Historically the extended double standard “We demand more” idea has unleashed both the great movements–national independence, civil rights, women’s rights, workers rights–and the horrible movements—national exceptionalism, racial supremacy, tribal bullying and bigotry of all sorts. Righteous indignation on behalf of “us” feels righteous because in some cases it is, for example when beating back the encroachment of exceptionalists who succeeded in imposing their extended double-standard and crowding others out, the way men did with women for millennia, and Nazis did with Jews and then Jews do with Palestinians today Women, Jews and Palestinians in their time of oppression are righteous for demanding more for their tribe. Their oppressors in their time think they are being righteous when demanding more for their tribe. But they’re wrong. It is the added power of extended double standards that creates most of the oppression that only countervailing extended double standards can defend against.

As any welfare economics can tell you it is very difficult to know where to draw the line between what tribes deserve. Extending double standards don’t make it any easier, but do make for a lot more pressure on the borders between or tribes.

Double-standard enhancers build one upon the other. With language we gained the power to rationalize our double standards and the ability to build extended double standards, by naming our tribe and giving voice to our tribal exceptionalism. Inevitably with the written word you get something like the Old Testament, the extended double standard’s killer app in every sense.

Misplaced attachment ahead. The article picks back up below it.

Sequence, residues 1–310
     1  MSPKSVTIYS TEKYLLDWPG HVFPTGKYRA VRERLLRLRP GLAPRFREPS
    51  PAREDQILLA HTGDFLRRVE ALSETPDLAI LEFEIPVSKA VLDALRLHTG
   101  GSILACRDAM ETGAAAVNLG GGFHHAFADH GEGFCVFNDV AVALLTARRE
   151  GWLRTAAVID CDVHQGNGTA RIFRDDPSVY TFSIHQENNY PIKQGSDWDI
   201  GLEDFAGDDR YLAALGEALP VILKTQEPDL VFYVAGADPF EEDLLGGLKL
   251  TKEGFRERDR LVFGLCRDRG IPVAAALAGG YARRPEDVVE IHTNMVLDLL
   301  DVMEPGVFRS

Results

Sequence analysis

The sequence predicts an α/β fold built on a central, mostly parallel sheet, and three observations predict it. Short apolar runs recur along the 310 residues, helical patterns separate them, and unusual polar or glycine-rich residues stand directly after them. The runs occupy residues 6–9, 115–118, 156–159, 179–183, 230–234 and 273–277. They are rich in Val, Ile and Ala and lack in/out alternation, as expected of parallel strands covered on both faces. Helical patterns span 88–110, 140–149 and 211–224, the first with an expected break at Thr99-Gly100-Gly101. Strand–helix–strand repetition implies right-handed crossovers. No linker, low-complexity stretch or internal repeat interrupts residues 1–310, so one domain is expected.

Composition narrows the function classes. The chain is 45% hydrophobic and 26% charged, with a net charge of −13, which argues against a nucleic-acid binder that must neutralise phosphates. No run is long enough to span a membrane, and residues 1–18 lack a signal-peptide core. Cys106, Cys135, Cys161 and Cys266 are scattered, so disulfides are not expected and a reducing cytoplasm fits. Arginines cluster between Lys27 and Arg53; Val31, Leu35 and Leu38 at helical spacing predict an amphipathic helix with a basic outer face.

Into a polytheistic world in which each tribe had its favored God while acknowledging many Gods, suddenly one tribe, claims “There is only one God and he prefers us.”

“Thou shalt not kill within the tribe, but killing those outside the tribe is not only acceptable to the One God who prefers us, He helps us do it.”

“But look at us. We are so loving toward each other, so selfless in the name of our tribe. And it’s a great burden being chosen like this, so pity us our enormous responsibility.”

Were the Old Testament not revered in all of the Abrahamic traditions, it would be more obvious how arrogant its extended double standard is. Far more than is acknowledged, it is revered by all of the Abrahamic traditions (53% of us or 3.7 billion people) because it enhances our double standards, making a large tribe feel more confident and righteous in demanding more for “us.”

So many Christian friends have said, “Yes, the Old Testament is like that, but the New Testament is different.” I’ve been reading it and I agree. It is different, a double-standard enhancer killer app built upon the others. In John’s Gospel Jesus promotes altruism but twice, once in tolerance of Mary Madeleine’s adultery and once in admonishing the apostles to love each other. The rest is promo for membership in an exclusive club. He is the one true path to God, the only path to eternal life, not granted to others.